Sit by the fire in the hearth.
I will put my chin on your knee, stare into the ether and let my thoughts run.
Perched upon your feet, keeping your toes warm.
Closer to the earth.
The storm passes, the rain relents, and the sky above the Sound nearly recovers.
The air outside remains cold.
Locals say this place is cursed.
I’ve seen enough tragedies in others in my four months here, to believe it.
Heard of even more.
Yet, here shall I establish my residence.
A mid-thirty year old,
amongst the retirees still seeing themselves as inhabitants of Stellar Street.
Mick and Keith working the corner shop.
The wealthy snow birds hum, at the restaurant where I work, about migrating to the South for the winter.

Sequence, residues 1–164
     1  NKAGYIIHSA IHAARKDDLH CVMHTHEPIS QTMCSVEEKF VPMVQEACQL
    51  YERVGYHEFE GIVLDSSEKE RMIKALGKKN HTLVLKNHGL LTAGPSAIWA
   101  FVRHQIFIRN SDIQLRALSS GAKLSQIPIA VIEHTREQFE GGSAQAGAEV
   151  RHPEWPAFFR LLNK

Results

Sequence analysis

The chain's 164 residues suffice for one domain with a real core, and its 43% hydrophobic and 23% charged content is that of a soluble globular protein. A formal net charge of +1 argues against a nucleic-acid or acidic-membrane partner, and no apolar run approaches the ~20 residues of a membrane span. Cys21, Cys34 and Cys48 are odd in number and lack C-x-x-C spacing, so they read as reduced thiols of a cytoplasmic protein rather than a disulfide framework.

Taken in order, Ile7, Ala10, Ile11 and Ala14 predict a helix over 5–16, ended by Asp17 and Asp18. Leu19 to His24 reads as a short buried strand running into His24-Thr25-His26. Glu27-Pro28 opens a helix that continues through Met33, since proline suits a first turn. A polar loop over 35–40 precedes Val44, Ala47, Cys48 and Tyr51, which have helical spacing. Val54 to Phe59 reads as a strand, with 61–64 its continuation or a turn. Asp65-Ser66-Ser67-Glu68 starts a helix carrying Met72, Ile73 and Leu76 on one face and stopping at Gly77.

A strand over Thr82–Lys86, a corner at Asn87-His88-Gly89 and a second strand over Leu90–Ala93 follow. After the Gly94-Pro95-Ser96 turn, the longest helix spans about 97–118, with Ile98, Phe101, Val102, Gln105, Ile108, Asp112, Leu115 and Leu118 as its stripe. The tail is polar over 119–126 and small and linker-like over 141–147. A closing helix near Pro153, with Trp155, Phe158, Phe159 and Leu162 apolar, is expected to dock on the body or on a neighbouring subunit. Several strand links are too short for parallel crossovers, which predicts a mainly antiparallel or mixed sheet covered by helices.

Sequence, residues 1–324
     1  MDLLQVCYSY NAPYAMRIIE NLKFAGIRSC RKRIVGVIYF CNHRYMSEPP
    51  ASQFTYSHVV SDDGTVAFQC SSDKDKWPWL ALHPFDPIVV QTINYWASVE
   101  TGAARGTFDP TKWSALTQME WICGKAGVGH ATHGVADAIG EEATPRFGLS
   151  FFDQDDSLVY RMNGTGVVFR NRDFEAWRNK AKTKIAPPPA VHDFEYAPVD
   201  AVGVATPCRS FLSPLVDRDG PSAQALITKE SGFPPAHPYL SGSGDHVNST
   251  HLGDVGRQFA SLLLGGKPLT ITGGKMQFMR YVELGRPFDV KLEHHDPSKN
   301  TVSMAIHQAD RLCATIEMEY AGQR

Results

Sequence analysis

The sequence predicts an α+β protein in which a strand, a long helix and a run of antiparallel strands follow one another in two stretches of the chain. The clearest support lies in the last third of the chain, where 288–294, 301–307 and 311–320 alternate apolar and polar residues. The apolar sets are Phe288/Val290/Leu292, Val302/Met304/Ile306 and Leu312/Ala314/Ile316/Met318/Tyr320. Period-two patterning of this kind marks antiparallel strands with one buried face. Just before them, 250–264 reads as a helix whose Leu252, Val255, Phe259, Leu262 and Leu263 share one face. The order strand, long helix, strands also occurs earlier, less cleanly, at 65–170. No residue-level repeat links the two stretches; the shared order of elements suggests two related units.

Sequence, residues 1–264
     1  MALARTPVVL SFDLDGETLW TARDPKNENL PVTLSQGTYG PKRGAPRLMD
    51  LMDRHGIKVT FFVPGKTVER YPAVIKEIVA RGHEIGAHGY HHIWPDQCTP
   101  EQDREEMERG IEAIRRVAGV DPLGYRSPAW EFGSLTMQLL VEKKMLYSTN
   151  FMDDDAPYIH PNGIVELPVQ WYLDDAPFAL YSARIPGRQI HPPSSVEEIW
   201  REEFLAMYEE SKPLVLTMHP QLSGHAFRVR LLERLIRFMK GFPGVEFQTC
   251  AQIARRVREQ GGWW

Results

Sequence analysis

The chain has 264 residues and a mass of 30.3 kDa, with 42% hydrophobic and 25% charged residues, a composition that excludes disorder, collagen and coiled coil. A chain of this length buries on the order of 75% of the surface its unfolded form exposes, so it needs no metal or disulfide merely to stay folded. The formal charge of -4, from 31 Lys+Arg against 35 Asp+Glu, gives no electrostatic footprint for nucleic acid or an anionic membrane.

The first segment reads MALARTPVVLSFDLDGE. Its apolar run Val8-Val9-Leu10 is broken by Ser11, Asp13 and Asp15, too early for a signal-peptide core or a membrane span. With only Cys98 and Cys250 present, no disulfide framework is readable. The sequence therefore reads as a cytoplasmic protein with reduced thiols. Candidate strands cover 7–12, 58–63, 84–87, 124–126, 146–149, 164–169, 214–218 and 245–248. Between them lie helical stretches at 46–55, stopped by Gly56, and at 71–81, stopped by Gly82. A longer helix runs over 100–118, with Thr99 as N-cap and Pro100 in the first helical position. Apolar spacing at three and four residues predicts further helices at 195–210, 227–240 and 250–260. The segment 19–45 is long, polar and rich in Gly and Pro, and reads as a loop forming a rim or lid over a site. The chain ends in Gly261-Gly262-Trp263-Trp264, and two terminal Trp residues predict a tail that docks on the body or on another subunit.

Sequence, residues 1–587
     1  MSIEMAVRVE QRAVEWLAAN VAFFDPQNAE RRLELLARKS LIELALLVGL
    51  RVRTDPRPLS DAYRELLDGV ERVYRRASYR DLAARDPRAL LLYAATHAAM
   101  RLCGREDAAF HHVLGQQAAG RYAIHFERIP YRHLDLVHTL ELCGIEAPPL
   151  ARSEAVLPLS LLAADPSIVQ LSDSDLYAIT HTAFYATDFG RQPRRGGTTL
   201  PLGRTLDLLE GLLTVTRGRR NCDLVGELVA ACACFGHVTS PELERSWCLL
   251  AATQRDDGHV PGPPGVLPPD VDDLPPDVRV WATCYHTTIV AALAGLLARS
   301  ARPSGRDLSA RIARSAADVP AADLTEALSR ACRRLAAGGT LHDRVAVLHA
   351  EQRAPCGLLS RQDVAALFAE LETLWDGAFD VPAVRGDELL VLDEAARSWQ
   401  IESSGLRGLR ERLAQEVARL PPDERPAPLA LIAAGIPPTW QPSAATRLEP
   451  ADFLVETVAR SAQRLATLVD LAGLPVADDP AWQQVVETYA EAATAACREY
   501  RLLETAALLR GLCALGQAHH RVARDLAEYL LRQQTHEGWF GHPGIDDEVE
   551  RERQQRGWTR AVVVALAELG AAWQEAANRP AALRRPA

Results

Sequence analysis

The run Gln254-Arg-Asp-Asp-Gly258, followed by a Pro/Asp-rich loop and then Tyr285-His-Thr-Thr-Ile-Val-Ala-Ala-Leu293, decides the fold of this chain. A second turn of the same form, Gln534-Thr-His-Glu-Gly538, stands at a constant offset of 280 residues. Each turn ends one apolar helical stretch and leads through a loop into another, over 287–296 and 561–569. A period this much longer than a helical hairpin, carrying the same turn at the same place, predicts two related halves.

“Guess how old I am”: he says.
His wife giggles.
Howl I loathe this game.
But, this pair is old enough to not take anything personally.
78: I guess.
The correct answer is 97.
He proceeds to tell me experiences from both the first and second world wars.
I am captivated.
They do not take their leftovers to go. They turn down the offer of free bread.
The less well-to-do appear even more non-corporeal.
No winter homes to which they may abscond.
Disembodied spirits of bodies that no longer exist.
To serve and host at this restaurant requires second sight.
Many of these people long ago became invisible to most.
Are you Irish?: he asks.
No, I’m from the South.
Oh, I was stationed there with the good old boys. They went to bars during their off-time. I went to museums and landmarks. But, I was odd.: he tells me.
He shares stories of being an 18 year old from Montana who ended up in the South during George Wallace days.
I am captivated.
He and his wife take their leftovers home in a box and ask for extra free bread
which they are given.